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Credit unions duke it out with banks

By Gerri Willis, CNN personal finance editor

NEW YORK (CNN) -- Had it with your bank this year? It's time to start fresh. Continuing with our Financial Resolution series, we'll show you how you can join a local credit union.

Let's first take a look at how they work. Credit unions, unlike banks, are non-profit institutions. For you, that translates into lower fees and better rates. That's because profits tend to go back to members in the form of lower rates and fees rather than going to stockholders.

For more information on managing your largest investment, check out Gerri Willis' 'Home Rich,' now in bookstores.
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Credit unions also don't pay taxes, so there's a lower cost of doing business.

But let's look at just what kind of rates you can get from a credit union versus a bank -- from DataTrac -- an independent research firm.

Keep in mind, this isn't a perfect world. Credit unions are just as vulnerable to a bad economy. So far this year, 23 credit unions have failed.

Credit union credit cards are also a bargain. According to a study by Pew Charitable Trusts, interest rates on credit union credit card are 20% lower than bank cards. Over-limit fees are $19 lower than at banks. And penalty interest rates at credit unions are 18% versus 29% at banks. In addition, 25% of credit union cards charge a fee to transfer a balance from another card, compared with 88% of bank cards surveyed.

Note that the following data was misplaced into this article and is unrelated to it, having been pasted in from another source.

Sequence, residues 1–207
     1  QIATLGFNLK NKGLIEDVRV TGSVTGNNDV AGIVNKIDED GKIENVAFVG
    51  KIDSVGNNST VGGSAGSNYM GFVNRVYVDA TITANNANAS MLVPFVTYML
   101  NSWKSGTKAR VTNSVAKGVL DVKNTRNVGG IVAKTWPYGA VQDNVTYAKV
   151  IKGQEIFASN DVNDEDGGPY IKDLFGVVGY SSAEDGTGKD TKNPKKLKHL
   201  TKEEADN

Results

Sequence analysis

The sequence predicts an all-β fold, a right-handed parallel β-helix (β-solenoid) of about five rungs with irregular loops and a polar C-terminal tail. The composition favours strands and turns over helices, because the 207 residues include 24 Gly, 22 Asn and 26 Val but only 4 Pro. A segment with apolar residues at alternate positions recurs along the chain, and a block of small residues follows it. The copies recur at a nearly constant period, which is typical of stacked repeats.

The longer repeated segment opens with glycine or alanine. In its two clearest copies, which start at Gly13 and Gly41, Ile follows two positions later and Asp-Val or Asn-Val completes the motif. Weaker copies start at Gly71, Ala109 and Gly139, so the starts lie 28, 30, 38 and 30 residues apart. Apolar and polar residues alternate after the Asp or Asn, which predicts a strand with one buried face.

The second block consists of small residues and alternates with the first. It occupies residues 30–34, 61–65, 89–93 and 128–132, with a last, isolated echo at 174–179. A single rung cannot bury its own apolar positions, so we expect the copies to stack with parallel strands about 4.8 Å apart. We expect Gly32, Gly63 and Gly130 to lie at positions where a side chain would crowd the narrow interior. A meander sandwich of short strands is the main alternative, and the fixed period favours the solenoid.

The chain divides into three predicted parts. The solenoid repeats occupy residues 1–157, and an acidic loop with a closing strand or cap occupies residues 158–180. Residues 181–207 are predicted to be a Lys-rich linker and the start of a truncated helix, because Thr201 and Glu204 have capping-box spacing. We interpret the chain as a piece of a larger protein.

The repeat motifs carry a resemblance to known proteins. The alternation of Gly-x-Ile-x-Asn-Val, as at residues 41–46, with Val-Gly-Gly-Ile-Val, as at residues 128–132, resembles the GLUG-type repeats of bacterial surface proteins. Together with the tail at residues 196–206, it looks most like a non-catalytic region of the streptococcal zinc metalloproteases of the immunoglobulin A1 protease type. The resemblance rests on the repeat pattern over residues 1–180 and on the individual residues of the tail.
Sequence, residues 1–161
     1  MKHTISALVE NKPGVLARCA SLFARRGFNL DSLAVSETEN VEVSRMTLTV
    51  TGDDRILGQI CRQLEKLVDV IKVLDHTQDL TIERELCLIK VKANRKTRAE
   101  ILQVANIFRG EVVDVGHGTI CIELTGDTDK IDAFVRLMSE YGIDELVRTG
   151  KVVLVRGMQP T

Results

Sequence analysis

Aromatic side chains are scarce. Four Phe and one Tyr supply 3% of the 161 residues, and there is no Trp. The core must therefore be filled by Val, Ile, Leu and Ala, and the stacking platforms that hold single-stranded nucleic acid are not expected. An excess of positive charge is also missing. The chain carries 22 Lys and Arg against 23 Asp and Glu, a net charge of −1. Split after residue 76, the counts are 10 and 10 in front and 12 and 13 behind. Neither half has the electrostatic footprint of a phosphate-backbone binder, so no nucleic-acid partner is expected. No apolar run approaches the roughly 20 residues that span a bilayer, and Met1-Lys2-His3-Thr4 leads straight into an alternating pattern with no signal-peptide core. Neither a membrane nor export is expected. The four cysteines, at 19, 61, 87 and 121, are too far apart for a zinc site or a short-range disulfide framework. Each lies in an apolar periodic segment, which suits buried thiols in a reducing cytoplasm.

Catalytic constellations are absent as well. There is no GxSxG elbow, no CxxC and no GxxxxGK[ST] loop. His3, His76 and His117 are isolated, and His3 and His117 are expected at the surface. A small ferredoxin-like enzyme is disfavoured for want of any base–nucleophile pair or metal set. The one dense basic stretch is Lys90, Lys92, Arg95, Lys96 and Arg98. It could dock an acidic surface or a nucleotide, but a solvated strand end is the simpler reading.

But that's not to say a credit union credit card is for everyone. Rewards cardholders may prefer the more generous rebates of major bank card issuers.

Becoming a member of a credit union is usually based on where you live, who you work for, what you do for a living, or what religious community you belong to. Credit unions service those in the military, teachers, firefighters, policeman and people who work for specific companies.

To find out if you're eligible to join a credit union, go to creditunion.coop. And make sure the credit union is insured by the National Credit Union Administration -- that's the credit union's equivalent of the FDIC. Your money is insured up to the same limits as with a traditional bank.

-- CNN's Jen Haley contributed to this article.

Talkback: Are you thinking about leaving your bank? To top of page

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